Nepal and the Trip of a Lifetime

May 25,2015

May 2015 – Reminiscing on the trip of a lifetime.

My heart goes out to Nepal and the devastation, tragedy, and loss of life they face.

Twelve months ago, I was there – just about one year ago I broke in my hiking boots, wore them to work into the laboratory, got a whole range of shots from the Department of Health, had bought my subzero sleeping bag and was proudly carrying around a light-weight trekking pole. I was ready to depart on a flight to Katmandu: ready to slowly trek through the Himalayas allowing my body to acclimate to the elevation of base camp Mt. Everest.

Once there we were going to spend one night in a tent and then begin the world’s highest marathon downhill – at an elevation of 5300m (17,800 ft).

My fascination with Mt Everest began as a child when Reinhold Messner was the first to ascend without supplemental oxygen. It was in 1978 and I was 7 years old. Being able to get close enough to touch this tallest mountain on our planet and combining it at the same time with my love for long distance running seemed like a dream too good to be true.

As scientist studying pulmonary hypertension (PH) I have to model the disease using insulated chambers that maintain a low oxygen environment. In patients with PH we observe extensive remodeling of the blood vessels, eventually getting fully blocked and the patients thus chronically experience low oxygen levels. Having studied this disease for years, I always was curious about what it truly would feel like to breathe, but to breathe without actually getting the oxygen my body needed.

Dr. Benza, a cardiologist at Allegheny General, does a PH fundraising trip to the top of Mt. Kilimanjaro every few years – reaching half of normal oxygen levels at its summit (10%; normal is 21%), and it had crossed my mind to see if I could once participate in their adventure. But when a friend forwarded me the advertisement for this world’s highest marathon – as a joke – I was hooked and ready to go.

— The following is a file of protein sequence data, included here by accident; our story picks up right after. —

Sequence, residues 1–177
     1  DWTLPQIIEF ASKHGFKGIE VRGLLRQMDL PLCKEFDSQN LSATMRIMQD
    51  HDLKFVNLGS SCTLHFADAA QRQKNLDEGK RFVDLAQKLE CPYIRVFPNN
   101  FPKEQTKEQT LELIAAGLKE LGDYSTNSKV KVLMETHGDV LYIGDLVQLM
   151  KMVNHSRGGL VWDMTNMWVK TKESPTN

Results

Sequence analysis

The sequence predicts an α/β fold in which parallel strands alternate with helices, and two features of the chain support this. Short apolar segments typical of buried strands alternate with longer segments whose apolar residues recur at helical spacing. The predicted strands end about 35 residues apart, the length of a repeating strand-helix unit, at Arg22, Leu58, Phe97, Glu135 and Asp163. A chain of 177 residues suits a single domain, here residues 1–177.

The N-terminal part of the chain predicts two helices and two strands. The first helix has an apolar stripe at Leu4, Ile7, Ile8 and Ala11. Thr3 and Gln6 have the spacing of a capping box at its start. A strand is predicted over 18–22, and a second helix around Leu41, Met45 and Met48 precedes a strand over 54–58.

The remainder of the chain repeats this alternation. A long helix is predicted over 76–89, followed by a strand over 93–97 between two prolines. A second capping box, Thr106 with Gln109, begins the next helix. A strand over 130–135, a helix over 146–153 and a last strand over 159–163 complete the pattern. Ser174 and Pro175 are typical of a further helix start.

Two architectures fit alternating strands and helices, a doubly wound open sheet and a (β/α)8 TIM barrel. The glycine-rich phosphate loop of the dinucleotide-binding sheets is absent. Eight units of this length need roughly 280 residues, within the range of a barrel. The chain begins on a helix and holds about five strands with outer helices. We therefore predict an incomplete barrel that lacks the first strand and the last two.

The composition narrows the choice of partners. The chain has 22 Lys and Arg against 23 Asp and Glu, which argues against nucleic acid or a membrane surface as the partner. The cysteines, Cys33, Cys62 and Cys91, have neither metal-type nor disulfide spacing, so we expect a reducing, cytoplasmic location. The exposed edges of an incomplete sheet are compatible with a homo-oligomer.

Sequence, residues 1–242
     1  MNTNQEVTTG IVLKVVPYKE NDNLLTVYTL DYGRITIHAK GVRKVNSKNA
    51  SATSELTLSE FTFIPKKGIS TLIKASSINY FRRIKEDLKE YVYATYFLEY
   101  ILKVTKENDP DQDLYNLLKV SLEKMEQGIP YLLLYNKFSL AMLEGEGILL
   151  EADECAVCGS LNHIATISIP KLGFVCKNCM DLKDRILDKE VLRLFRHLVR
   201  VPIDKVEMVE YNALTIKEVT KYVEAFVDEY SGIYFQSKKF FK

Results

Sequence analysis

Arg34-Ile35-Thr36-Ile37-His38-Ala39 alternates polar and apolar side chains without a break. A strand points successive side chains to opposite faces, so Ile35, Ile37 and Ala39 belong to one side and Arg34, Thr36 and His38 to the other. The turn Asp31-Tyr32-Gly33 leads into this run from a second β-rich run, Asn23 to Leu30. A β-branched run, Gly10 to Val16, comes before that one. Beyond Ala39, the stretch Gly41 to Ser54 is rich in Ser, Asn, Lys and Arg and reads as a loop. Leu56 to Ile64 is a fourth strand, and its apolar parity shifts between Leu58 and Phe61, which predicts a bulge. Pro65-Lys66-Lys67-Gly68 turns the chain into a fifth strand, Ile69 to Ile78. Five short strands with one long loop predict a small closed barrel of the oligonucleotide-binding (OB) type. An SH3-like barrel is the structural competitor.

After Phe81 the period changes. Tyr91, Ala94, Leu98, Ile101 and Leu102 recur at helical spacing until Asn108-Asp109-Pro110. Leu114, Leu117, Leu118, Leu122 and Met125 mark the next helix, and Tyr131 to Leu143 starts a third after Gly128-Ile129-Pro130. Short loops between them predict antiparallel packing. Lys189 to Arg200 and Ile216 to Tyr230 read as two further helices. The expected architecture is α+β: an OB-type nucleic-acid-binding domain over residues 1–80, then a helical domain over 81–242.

The trip was well organized and included about 100 people, broken up into smaller groups of around 20 with sherpas carrying our luggage on their backs as we ascended. We reached Katmandu, our starting point.

Katmandu is a beautiful, crazy, loud, dusty, and fascinating city where cows lie in the middle of large busy streets with buses rushing passed them just an arm’s length away. Monkey’s hang out in the trees and everywhere is the tantalizing smell of what I call Indian food (truly Nepalese food).

The adventure continued with a short 1 hr flight into Lukla (3000m), one of the world’s top 10 most dangerous airports. From there we began our slow trek through the most beautiful mountain scenery ever imaginable. There are no cars in Lukla and once you fly in, the only way out – from any point really – is by foot or rescue helicopter.

While tourists do visit the Himalayas it is still a rather untouched part of the world for one simple reason: no access. The terrain is extremely rough and the higher you go the more hostile the environment becomes. Our two-week ascent took us from sunny 80F with green luscious views into snow and frozen glacier lakes at 15F with a sun burning onto us with an unreal intensity the higher we got.

This was not a luxury trip. With limitation in luggage weight and limited facilities, we were dirty and smelly and topping it all of with a marathon at the very end. We were told to expect to at least double our running time due to the terrain and lack of oxygen.

We all started in the morning at nine and I reached the finish line in the pitch black night. Need I say more…?

I will never forget this adventure – the openness and kindness of the people we met and my heart goes out to the disaster they are experiencing now.

Eileen Bauer

Eileen on trail in Nepal

Eileen in Himalayan Mountains

Eileens Sherpa Crew in Nepal

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